McGarvey says that the Council has a serious lack of funding and only ten social housing units will be constructed in Donegal in 2015.
The Ramelton Cllr. was recently told that the Council has plans in their current programme to construct ten houses in 2015. This includes a small housing development of six units in Letterkenny.
Cllr. McGarvey has also criticised Government policy that has seen specific instance housing cancelled and funding for rural Farm cottages no longer an option.
He says the situation is at crisis point with demand growing all the time. And he’s highlighted landlords putting rented properties on the market and tenants being notified to find alternative housing. This, says Cllr. McGarvey is down to the problem that second houses that are currently being rented out have attracted a list of extra charges and costs with property tax and water charges adding to the problem And in that situation, landlords are now selling of their houses because renting out is not worth the hassle given the diminishing returns they might earn.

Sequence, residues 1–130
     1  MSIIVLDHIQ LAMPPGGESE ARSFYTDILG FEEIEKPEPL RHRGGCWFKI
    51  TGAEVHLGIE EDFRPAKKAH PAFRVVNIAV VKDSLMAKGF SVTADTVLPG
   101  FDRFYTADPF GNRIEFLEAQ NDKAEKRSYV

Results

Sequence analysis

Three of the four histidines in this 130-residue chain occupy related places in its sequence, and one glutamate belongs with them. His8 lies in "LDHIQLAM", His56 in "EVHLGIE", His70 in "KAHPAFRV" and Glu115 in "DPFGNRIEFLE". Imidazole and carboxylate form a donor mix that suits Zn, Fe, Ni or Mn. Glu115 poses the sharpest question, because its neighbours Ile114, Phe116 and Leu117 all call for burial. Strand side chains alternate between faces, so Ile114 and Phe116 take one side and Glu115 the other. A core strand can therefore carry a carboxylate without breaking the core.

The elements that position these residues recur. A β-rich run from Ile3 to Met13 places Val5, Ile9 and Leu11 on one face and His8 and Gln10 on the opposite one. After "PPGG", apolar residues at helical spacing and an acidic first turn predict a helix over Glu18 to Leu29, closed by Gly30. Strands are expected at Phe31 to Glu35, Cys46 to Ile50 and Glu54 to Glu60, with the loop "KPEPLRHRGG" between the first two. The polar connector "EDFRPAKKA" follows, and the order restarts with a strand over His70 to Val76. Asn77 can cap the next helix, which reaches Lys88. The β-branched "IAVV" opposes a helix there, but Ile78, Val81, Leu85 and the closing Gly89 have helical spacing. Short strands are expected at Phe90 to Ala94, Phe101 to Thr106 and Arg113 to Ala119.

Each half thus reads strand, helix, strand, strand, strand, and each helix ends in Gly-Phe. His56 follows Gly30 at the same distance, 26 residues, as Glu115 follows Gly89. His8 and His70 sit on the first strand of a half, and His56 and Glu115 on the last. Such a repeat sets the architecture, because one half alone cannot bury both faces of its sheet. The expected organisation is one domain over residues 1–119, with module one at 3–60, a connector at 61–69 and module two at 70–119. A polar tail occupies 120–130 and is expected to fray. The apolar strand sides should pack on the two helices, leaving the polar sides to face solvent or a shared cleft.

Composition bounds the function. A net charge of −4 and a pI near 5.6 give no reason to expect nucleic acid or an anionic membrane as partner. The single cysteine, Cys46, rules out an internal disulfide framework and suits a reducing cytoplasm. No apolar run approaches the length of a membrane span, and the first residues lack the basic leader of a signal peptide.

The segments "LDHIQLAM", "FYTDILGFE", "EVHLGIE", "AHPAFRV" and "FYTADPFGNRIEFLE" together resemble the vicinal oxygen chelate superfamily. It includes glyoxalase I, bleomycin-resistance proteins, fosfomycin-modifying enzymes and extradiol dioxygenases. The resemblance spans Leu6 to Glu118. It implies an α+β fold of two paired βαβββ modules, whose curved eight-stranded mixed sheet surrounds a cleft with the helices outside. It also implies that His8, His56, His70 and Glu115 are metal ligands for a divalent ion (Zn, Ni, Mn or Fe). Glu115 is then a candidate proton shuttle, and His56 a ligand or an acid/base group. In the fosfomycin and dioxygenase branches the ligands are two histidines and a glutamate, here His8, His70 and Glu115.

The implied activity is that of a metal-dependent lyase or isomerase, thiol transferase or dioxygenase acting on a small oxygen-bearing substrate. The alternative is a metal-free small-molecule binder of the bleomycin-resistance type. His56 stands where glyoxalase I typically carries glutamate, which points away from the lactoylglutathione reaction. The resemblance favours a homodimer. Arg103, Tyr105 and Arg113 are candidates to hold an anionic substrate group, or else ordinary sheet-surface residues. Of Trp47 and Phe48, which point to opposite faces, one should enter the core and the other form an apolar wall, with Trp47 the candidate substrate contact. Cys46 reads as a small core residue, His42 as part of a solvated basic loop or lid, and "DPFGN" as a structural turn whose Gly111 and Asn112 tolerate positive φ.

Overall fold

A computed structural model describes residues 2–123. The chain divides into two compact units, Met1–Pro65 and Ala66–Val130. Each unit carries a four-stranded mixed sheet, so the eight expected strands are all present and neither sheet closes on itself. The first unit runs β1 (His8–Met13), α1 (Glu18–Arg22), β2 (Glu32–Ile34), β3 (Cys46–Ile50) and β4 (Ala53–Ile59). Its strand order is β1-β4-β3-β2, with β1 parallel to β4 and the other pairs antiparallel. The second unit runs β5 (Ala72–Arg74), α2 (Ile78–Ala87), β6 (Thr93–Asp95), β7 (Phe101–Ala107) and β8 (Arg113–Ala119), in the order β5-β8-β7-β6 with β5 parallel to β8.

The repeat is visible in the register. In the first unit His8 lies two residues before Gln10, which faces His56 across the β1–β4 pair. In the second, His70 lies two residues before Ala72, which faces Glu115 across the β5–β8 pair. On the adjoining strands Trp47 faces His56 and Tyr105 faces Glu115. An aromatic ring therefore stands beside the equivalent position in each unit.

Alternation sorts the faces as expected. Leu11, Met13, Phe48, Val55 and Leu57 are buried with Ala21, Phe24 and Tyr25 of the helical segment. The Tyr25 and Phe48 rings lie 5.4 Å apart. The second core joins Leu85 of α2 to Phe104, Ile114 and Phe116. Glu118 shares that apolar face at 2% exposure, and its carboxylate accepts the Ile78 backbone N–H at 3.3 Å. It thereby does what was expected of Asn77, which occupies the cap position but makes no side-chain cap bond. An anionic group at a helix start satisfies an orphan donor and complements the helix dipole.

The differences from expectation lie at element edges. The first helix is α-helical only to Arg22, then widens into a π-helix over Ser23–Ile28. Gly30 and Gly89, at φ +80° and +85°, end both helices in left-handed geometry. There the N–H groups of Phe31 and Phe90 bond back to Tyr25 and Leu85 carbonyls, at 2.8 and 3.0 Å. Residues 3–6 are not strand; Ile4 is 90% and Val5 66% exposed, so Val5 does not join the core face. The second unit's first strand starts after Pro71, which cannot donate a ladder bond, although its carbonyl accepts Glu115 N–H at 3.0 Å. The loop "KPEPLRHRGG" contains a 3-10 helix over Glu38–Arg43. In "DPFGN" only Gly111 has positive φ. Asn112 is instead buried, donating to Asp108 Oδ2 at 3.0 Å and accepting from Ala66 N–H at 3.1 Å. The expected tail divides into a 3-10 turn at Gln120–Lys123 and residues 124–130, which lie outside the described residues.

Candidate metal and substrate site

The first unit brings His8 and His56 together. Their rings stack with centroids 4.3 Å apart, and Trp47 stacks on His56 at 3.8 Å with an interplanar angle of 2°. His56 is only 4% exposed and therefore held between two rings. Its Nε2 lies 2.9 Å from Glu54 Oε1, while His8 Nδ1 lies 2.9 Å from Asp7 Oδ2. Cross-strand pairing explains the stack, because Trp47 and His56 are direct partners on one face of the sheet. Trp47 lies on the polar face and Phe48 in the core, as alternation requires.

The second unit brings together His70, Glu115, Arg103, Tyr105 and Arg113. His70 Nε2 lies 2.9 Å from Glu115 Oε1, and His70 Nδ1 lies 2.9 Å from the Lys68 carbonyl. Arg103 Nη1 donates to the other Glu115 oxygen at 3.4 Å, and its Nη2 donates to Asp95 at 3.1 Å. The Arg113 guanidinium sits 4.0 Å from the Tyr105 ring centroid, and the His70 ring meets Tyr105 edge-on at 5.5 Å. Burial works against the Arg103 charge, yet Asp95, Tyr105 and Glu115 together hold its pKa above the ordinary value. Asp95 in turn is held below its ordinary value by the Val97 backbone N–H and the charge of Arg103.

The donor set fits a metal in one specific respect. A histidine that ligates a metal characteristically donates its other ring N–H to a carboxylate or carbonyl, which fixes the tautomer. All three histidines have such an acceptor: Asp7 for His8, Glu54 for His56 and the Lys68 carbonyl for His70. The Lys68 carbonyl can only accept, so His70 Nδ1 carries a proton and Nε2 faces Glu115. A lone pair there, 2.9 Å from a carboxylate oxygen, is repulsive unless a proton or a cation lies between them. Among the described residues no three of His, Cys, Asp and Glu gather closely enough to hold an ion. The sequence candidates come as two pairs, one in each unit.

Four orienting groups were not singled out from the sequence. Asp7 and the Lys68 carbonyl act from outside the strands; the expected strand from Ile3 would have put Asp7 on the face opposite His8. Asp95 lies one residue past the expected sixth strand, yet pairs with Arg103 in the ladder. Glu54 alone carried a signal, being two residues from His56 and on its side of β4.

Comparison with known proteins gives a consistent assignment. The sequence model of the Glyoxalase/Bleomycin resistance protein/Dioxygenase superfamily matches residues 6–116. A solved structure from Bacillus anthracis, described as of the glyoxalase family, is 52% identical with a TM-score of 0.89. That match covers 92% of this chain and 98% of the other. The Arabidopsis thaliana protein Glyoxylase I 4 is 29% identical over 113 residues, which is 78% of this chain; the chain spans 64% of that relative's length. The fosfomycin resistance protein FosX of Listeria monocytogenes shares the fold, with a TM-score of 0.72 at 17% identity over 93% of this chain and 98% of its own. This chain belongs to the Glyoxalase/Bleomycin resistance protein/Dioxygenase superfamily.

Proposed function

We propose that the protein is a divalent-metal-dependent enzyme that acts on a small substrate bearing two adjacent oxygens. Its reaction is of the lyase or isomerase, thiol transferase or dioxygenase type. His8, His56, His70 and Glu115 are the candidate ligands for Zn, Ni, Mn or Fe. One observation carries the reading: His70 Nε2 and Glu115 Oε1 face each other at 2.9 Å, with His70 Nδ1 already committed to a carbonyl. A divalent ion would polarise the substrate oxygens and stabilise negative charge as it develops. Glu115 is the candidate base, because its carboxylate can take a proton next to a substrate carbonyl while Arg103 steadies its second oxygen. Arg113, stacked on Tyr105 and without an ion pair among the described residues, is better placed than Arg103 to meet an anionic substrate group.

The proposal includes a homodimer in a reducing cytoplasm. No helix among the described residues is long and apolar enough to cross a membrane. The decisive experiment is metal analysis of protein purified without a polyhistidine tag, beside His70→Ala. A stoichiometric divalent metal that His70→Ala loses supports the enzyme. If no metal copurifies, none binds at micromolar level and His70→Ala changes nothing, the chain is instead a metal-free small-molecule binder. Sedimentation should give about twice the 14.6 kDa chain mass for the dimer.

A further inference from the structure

Deputy Thomas Pringle agrees. Speaking in the Dail on the issue of social housing last Spring, he said there is no escaping the fact that there is no political will to deal with the housing issue.